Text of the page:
The yellow nail syndrome is a triad of slow-growing dystrophic yellow nails, lymphedema, and pleural effusions, often associated with pericardial effusion, rhinosinusitis, and bronchiectasis. Our patient presented with most of these signs coexisting simultaneously. The etiology of this syndrome is obscure, although the pathogenesis seems to involve impaired lymphatic drainage. There is no known specific treatment. The pleural fluid often recurs after tapping; pleurodesis is sometimes helpful. This case illustrates the rather benign course of the syndrome over more than 8 years. The entity should be considered in the differential diagnosis of bilateral pleural effusions.

Footnotes

The editor of Images in Cardiovascular Medicine is Hugh A. McAllister, Jr, MD, Chief, Department of Pathology, St Luke's Episcopal Hospital and Texas Heart Institute, and Clinical Professor of Pathology, University of Texas Medical School and Baylor College of Medicine. Circulation encourages readers to submit cardiovascular images to the Circulation Editorial Office, St Luke's Episcopal Hospital/Texas Heart Institute, 6720 Bertner Ave, MC1-267, Houston, TX 77030

AHAJournal

Multiple Effusions and Lymphedema in the Yellow Nail Syndrome

Battaglia A, di Ricco G, Mariani G, Giuntini C.

A case is reported in whom the triad generalized lymphedema, nail dystrophy, and pleural effusion was associated to protein-losing enteropathy. This combination, not previously described, was also characterized by exacerbations of pleural effusion with recurrent episodes of broncho-pneumonia. Albumin turnover study showed depletion of the total body pool, decreased catabolic rate, and elevated albumin removal through the gastrointestinal tract. During bronchopneumonia, increased capillary permeability due to pleural involvement may worsen the basic deficit of pleural lymphatic drainage.

Publication Types: Case Reports PMID: 3979479 [PubMed - indexed for MEDLINE]

AHAJournal

T- and B-cell Deficiency Associated with Yellow Nail Syndrome.

Gupta S, Samra D, Yel L, Agrawal S.

Source

Division of Basic and Clinical Immunology, University of California, Irvine, California.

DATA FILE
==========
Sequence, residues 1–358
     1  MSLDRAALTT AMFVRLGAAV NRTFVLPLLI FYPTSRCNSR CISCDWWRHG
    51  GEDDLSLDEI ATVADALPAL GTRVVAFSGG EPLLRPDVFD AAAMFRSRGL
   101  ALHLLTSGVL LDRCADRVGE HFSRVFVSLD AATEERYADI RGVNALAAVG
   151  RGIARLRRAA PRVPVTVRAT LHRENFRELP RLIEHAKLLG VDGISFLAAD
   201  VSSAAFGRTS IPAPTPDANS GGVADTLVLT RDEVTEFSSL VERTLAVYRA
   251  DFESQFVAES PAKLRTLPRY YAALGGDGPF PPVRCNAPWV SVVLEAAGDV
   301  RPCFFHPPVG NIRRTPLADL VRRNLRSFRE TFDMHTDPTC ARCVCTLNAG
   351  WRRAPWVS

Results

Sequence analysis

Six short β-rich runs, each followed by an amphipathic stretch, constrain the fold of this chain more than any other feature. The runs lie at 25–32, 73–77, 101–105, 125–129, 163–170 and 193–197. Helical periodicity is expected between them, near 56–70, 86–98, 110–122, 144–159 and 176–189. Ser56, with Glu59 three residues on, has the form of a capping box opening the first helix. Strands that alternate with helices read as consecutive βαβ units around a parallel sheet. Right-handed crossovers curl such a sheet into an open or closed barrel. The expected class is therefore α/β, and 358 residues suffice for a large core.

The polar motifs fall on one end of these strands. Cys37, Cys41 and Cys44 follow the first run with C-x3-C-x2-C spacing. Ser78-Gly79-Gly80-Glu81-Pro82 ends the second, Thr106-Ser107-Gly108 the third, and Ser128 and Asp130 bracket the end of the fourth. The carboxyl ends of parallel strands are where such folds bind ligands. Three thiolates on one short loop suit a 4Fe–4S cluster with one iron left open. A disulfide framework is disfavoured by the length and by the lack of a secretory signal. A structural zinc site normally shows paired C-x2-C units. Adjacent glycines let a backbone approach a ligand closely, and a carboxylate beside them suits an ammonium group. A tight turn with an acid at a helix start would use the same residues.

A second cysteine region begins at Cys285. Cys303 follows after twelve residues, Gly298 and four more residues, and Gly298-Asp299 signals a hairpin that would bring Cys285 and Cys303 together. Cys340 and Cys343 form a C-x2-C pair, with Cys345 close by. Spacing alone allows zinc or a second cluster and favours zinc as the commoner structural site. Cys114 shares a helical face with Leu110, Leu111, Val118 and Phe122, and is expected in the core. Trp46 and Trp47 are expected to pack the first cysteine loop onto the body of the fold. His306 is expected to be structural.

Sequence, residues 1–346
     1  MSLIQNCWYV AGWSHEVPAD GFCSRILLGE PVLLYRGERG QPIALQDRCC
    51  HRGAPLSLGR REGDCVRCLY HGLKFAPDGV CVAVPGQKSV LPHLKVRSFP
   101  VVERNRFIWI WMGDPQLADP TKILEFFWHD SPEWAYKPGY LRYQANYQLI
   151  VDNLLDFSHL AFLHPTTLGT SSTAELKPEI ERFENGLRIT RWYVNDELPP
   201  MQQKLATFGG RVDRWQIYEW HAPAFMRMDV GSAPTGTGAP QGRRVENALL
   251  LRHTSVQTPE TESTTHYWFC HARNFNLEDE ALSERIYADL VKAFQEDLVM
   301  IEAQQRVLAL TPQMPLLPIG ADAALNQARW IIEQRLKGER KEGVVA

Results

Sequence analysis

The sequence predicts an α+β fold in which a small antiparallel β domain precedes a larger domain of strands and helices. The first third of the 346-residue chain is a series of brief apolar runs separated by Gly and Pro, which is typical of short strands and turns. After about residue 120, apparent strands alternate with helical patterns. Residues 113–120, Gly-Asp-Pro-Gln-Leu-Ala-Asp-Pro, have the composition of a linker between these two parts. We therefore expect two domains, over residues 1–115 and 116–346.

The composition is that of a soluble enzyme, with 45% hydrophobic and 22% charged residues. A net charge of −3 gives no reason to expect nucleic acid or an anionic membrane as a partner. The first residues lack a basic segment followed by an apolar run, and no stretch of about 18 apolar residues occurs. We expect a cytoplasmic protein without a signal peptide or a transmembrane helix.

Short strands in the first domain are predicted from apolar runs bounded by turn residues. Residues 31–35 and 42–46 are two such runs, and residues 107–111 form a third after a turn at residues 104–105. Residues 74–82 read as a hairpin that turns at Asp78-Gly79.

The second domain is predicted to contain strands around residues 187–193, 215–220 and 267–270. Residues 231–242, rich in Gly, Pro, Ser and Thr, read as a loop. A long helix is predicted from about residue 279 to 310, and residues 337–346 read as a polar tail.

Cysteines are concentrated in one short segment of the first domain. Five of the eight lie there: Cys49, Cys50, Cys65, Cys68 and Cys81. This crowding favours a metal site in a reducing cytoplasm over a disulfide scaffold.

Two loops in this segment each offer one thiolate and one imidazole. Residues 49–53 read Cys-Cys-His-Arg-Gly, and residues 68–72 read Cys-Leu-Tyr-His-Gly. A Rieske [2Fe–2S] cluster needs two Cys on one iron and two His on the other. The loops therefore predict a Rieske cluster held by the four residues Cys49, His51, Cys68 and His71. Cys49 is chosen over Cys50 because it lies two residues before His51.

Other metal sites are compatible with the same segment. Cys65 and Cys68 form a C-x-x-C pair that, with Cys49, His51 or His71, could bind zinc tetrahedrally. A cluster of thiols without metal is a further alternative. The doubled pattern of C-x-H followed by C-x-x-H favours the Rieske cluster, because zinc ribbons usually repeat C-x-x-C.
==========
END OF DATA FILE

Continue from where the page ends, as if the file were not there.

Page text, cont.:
Abstract

Yellow nail syndrome (YNS) is a rare disorder of unknown etiology that is characterized by yellow nails associated with lymphedema, and chronic respiratory manifestations. There are no detailed immunological studies in YNS. In this study we present first extensive immunological analysis of both adaptive and innate immunity in two patients with YNS. One patient has common variable immunodeficiency, whereas, second patient has specific antibody deficiency syndrome. Severe lymphopenia, and a striking deficiency of naïve CD4+ and CD8+ T cells and total B cells, and increased transitional B cells were observed. T cell proliferative response to mitogens and antigens were significantly reduced in both patients. Both patients failed to make specific antibody response to pneumococci. Complement, NK cell activity, and neutrophil oxidative burst were normal. Immunoglobulin administration resulted in decreased frequency and severity of infections, and an impressive effect was observed on lymphedema and on the recurrence of pleural effusion. Our data show that YNS is associated with both T and B cell defects. Furthermore, Immunoglobulin may be beneficial in clinical manifestations of lymphedema.

Wiley On Line Library

External Links

Yellow nail syndrome with thoracic empyema: report of a case.

Dec. 2011

SpringerLink

Pleuritis in yellow nail syndrome

Nov 2011

SpringerLink

Yellow nail syndrome: missed diagnosis of a rare syndrome.

April 2011

PubMed

Capsule endoscopy in the management of a patient with a rare syndrome--yellow nail syndrome with intestinal lymphangiectasia

BMJ

A case of yellow nail syndrome with dramatically improved nail discoloration by oral clarithromycin.

Sept 2011

Karger

A case of yellow nail syndrome associated with eosinophilic bronchial disease successfully treated with clarithromycin and budesonide

Implantation of a pleurovenous shunt for massive chylothorax in a patient with yellow nail syndrome

BMJ

Successful octreotide treatment of chylous pleural effusion and lymphedema in the yellow nail syndrome

Pleural effusion in yellow nail syndrome: treatment with bilateral pleuro-peritoneal shunts.

A favourable outcome in yellow nail syndrome: role of respiratory physiotherapy

Classifications

ICD-9 L60.5

ICD-10 L60.5

OMIM 153300

MedlinePlus 2014

WedMD Yellow Nail Syndrome

Lymphedema People Internal Links

Lymphedema People Resources

yellow_nail_syndrome.txt · Last modified: 2012/10/16 14:40 (external edit)